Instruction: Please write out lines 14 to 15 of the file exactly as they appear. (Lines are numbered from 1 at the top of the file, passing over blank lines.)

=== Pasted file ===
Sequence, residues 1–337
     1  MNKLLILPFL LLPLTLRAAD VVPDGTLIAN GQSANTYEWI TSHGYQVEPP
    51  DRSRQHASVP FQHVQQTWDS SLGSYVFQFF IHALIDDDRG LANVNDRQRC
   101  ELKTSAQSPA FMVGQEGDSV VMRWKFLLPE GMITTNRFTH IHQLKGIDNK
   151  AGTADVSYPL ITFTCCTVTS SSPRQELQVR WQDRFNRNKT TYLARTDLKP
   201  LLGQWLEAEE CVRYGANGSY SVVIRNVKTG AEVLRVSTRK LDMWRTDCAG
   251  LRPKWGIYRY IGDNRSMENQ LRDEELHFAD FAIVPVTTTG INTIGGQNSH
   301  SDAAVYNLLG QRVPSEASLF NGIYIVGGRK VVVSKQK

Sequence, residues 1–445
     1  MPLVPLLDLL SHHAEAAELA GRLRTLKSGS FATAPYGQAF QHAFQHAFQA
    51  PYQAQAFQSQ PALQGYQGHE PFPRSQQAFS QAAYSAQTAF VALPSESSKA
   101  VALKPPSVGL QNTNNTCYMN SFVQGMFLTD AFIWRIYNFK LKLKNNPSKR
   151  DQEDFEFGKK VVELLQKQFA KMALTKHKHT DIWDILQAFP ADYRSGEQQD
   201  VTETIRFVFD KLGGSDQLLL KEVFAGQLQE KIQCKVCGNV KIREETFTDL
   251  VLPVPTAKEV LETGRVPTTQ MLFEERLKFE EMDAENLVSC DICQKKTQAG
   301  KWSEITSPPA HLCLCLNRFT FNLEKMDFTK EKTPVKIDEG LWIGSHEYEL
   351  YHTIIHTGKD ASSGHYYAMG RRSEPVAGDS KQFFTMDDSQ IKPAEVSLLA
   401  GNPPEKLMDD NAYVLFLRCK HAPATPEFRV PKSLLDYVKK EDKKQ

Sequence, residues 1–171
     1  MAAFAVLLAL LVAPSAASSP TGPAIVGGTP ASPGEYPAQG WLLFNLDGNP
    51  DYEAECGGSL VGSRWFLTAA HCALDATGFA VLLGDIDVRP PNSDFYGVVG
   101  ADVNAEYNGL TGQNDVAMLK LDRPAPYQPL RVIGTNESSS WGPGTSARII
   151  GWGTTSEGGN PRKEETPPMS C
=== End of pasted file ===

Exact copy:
   201  VTETIRFVFD KLGGSDQLLL KEVFAGQLQE KIQCKVCGNV KIREETFTDL
   251  VLPVPTAKEV LETGRVPTTQ MLFEERLKFE EMDAENLVSC DICQKKTQAG